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June 10, 2010

The Blind Menace

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Shiranui Kengyo
Kazuo Mori - 1960
AnimEigo Region 1 DVD

The main reason for interest regarding The Blind Menace is that the title character provided a rough template for the Zatoichi, the blind swordsman, played in a long running series of films starring Shintaro Katsu. Already present is some of the deadpan black humor of the Zatoichi series. Suginoichi is also a blind masseur, but unlike the usually upstanding, and sometimes heroic Zatoichi, is a manipulative villain. It's not so much that one roots for Suginochi as much as their is a fascination in watching this repellent character weasel his way in and out of various situations.

Suginochi is introduced as a young boy, fully aware of how to use his blindness to full advantage. Flicking a small booger into a vat of sake, the boy is able to supply is poor, appreciative mother with a large pail of the rice wine. After all, he reasons, what's a little shared dirt between family members. I don't know if there is an equivalent Japanese phrase, but Suginochi could be be described as a manipulative little snot. Another scam involves the receipt of a letter written by a relative, with a missing gift of a coin. In response to his mother's lament about the family's lack of money, Suginoichi works his way into a guild of blind money lenders, with plans to make his way to the top.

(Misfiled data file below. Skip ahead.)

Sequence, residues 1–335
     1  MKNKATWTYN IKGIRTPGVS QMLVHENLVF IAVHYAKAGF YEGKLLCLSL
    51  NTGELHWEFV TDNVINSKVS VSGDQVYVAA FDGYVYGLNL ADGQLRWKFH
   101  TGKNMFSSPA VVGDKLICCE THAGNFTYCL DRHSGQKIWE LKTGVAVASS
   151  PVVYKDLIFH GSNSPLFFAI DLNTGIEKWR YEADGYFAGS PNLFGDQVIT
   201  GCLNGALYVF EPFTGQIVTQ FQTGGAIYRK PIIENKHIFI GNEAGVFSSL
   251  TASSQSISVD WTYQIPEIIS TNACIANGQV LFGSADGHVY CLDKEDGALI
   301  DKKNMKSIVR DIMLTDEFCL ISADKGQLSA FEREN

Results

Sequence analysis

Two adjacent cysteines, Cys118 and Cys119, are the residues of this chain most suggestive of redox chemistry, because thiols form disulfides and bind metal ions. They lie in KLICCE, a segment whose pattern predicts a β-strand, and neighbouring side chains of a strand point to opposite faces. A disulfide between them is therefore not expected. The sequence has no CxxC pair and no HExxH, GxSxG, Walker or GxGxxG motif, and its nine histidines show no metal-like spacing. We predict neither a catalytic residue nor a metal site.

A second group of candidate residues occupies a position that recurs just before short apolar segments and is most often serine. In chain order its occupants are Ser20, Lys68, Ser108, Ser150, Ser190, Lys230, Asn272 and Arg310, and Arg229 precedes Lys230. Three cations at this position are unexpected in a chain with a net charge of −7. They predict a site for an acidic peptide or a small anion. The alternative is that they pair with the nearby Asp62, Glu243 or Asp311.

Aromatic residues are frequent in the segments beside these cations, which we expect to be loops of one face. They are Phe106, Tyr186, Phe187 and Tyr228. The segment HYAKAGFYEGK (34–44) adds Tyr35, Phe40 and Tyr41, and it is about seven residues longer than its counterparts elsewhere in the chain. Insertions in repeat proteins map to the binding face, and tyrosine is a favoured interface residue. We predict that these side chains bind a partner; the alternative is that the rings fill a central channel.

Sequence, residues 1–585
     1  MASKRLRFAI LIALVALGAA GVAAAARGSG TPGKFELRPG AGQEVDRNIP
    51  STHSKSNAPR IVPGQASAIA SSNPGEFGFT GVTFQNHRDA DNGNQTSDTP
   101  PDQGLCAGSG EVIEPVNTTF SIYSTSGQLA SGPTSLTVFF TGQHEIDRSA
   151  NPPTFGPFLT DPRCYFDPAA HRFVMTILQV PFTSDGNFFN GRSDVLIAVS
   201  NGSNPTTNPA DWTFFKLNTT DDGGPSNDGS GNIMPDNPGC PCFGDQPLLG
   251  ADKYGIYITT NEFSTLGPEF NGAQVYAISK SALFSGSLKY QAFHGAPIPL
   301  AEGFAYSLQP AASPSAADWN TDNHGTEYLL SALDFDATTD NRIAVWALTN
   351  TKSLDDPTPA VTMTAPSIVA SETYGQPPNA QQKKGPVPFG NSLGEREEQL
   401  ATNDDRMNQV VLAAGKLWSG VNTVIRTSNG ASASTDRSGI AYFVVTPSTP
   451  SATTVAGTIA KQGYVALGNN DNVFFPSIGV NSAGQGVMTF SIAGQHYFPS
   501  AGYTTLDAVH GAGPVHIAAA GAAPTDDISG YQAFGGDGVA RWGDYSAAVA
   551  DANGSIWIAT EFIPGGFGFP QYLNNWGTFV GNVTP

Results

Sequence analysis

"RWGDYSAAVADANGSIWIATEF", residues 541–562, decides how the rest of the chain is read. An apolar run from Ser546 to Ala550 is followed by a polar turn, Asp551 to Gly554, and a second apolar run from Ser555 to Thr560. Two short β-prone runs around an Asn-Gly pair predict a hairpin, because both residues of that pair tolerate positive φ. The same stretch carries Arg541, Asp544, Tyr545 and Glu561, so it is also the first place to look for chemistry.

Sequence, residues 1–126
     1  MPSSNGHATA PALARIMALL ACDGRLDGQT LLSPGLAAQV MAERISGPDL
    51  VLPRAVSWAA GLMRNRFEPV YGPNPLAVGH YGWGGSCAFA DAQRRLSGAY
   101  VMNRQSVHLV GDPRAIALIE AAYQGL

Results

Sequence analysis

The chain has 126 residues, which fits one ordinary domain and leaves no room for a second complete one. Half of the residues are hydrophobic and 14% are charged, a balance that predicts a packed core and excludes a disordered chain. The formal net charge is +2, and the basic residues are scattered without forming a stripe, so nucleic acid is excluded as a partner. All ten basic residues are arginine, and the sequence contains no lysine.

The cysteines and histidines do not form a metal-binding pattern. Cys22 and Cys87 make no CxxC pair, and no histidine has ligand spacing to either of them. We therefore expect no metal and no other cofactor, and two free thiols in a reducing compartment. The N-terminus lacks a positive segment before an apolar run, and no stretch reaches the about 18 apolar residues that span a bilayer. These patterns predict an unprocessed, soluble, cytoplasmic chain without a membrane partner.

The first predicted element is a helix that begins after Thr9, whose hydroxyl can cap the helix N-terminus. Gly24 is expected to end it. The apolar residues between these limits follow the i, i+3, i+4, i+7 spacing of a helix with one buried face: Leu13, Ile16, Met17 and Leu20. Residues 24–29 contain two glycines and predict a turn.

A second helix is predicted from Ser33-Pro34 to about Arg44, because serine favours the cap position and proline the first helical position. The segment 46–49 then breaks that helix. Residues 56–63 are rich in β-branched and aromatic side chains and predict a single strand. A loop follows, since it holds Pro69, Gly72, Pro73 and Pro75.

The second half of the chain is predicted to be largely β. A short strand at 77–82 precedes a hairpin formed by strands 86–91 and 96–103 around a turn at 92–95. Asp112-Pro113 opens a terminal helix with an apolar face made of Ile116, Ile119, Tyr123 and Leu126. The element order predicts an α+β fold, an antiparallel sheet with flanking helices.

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Along the way, Suginoichi gets involved with a criminal gang, supplying them with information those who may be traveling with large amounts of cash. Suginoichi also has his way with women, by force, blackmail or outright purchase. Mostly, it is the accumulation of cash that provides motivation.

One of the most interesting scenes is a very simply done dream sequence. Suginoichi dreams of a famed young woman, the model used for a famed artist, and the subject of very popular woodblock prints. Katsu and Mieko Kondo are filmed on a bare stage, each with their own spotlight. Katsu is seated, playing the shamisen, the three stringed instrument somewhat similar to a guitar. Kondo performs what cannot truly be called a dance, but more of a series of poses. While the scene has its place in the narrative, visually it is almost an abstract, not quite experimental interlude within a generally realist framework.

Tamao Nakamura, Shintaro Katsu's wife, plays the part of an upper class woman blackmailed into having sex with Suginoichi in exchange for a much needed loan on behalf of her family. The screenwriter, Minoru Inuzuka, was instrumental in creating the screen character of Zatoichi, from the story by Kan Shimosawa. Katsu was groomed to be a star for Daiei Studios only to see his films rejected by audiences and film exhibitors until turn as Suginoichi. The use of of what would conventionally be considered a disability, coupled with the dark humor apparently resonated with viewers. A character who murders, rapes, commits blackmail and other misdeeds could not be the basis of a series, at least not one of any significant length. As a single film, though, The Blind Menace provides interest in an aspect of Japanese culture not touched on in most other period films, as well as showcasing an earlier performance by one of Japan's most unlikely stars.

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Posted by Peter Nellhaus at June 10, 2010 12:07 AM